The Christian Institute

News Release

Wrongfully arrested and handcuffed: Innocent pastor successfully settles claim against police over ‘non-crime hate incident’

A former church pastor in Scotland has won compensation from Police Scotland after being wrongfully arrested whilst street preaching in Glasgow.


Angus Cameron (age 52), who was Pastor of Cumnock Baptist Church in Ayrshire at the time of his arrest, has received a payout from Police Scotland of £5,500 along with £9,400 in legal costs. Mr Cameron has donated all the compensation to The Christian Institute, which supported him throughout his ordeal.

Mr Cameron was preaching in Buchanan Street in the centre of Glasgow in 2022 when officers from Police Scotland approached him and ordered the father of two to stop immediately. Based on one unsubstantiated complaint, the evangelist was handcuffed, publicly searched in the presence of passers-by, then led to a police van where he sat for just over an hour.

Mr Cameron contacted The Christian Institute, a leading charity supporting Christian freedoms in the public square. It obtained disclosure of internal police documentation, which showed the police had no basis to suspect the preacher had committed any offence – necessary for a lawful arrest. The Christian Institute helped Mr Cameron commence legal action for damages for wrongful arrest, discrimination and breach of human rights.

Simon Calvert, Deputy Director of The Christian Institute, said: “Mr Cameron was preaching in the street one afternoon in Glasgow city centre when he was approached by a police officer who said she had been told ‘homophobic language’ had been used, which Angus strenuously denied. The PC refused to provide any further information and refused to talk to other members of the public present who tried to offer testimony that Angus had not used homophobic language.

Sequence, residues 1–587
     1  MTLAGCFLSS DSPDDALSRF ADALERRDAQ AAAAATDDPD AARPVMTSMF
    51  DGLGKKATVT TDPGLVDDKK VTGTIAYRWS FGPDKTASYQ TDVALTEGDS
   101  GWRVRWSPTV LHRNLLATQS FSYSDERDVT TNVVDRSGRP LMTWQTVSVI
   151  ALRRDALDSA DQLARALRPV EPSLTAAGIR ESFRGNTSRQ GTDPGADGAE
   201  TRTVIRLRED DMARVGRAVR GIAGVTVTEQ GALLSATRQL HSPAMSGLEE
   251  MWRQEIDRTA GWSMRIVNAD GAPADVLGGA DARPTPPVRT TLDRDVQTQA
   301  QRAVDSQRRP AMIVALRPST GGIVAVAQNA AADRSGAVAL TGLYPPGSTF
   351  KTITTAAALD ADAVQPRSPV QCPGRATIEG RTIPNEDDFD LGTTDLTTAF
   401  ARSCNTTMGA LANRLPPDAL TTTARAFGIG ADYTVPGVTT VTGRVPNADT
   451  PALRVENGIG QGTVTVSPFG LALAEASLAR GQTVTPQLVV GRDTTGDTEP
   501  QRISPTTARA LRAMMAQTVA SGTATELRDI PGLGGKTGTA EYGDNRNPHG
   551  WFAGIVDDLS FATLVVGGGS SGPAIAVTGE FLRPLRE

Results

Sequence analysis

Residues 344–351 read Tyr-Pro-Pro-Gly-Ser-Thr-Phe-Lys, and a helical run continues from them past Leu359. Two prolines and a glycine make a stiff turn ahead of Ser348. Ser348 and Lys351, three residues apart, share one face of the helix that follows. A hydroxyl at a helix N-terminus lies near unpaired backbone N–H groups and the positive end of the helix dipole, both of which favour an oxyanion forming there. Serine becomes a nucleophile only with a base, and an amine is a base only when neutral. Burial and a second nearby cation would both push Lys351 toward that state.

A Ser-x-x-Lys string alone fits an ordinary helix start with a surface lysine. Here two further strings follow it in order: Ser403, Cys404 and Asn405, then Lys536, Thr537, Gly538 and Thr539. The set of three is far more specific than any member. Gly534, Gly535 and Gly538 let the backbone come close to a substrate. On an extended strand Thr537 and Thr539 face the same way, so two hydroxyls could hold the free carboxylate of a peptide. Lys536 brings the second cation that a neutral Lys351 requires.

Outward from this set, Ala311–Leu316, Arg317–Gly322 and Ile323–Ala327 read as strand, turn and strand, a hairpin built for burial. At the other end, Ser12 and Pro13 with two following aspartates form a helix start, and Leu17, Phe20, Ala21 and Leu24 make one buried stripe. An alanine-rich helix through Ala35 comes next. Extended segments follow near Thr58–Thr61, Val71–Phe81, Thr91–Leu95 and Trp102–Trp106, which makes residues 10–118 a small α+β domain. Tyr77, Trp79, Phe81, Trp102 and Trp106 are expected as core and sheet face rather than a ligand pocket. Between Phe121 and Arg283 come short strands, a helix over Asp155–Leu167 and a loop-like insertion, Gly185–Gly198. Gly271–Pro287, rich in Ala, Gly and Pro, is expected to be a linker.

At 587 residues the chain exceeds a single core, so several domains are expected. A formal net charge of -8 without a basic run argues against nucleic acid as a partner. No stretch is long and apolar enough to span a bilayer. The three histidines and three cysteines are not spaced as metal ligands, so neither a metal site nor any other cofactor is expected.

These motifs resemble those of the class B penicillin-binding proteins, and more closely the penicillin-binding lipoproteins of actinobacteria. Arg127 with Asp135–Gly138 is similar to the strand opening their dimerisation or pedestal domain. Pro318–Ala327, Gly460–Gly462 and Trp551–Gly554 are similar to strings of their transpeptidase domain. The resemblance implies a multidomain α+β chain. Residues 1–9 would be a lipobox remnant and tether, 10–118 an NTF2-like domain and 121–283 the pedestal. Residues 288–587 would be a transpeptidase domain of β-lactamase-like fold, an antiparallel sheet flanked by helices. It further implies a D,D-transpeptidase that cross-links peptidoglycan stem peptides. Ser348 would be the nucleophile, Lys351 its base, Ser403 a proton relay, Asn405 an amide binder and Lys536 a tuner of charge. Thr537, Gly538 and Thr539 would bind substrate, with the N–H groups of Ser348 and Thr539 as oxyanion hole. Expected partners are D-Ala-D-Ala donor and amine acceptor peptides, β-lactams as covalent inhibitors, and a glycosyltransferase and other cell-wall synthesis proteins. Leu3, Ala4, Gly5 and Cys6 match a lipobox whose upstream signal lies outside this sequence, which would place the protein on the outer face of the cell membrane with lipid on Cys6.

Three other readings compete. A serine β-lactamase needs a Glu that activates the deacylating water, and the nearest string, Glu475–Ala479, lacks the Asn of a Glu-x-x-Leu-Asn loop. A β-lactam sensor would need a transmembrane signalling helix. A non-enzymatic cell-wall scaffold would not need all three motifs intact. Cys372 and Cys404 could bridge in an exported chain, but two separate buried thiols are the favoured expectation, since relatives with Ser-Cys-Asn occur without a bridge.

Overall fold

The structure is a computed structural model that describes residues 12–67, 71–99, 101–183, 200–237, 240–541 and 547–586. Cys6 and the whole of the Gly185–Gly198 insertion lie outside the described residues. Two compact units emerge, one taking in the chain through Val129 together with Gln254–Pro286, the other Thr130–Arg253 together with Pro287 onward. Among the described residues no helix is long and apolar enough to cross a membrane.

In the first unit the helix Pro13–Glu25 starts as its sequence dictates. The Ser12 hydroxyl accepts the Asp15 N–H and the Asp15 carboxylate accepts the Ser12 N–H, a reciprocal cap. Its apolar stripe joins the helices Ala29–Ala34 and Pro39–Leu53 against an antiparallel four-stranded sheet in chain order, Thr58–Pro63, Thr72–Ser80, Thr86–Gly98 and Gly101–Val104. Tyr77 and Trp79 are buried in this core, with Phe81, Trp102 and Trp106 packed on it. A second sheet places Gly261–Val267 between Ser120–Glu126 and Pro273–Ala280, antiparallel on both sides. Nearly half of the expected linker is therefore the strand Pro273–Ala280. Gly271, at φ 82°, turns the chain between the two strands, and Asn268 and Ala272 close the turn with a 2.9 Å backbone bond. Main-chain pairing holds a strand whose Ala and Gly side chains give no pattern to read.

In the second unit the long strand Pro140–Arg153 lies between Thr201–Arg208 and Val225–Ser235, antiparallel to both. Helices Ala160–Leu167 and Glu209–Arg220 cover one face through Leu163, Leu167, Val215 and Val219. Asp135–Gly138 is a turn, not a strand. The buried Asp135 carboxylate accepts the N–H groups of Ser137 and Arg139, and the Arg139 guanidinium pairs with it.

“The PC announced that he was under arrest for ‘breach of the peace with homophobic aggravation’. He was handcuffed – despite being entirely peaceful and compliant. Angus was searched in the roadway, in full view of passing traffic and pedestrians, before being put in the back of a police van for over an hour. He was finally released to be told the matter would be dealt with ‘in due course’.

 “Angus’s preaching was not targeting individuals; he did not use offensive language; he was not aggressive; he did not try to cause offence; he simply quoted the Bible. There was no criminality at all. The arresting officer mistakenly believed that because someone claimed to be ‘offended’ his preaching was therefore illegal. The arrest was wholly unnecessary and was carried out in a heavy-handed and inappropriate manner. It appeared to Angus that the officer disapproved of his religious beliefs.”

Two days later, Mr Cameron was telephoned by the arresting officer and told he would not be prosecuted for ‘breach of the peace’ after all. However, a record of the unsubstantiated complaint against him, known as a ‘non-crime hate incident report’, would be logged in police records against his name. Using a Data Subject Access Request, his lawyers obtained internal police papers confirming that, although Police Scotland admitted “there has been no criminality”, there was indeed a ‘shadow’ over the preacher’s good name in its records. The unsubstantiated complaint against him was still recorded, and would be linked to ‘hate crime’ accusations and prosecutions as part of Police Scotland’s ‘community intelligence’ gathering.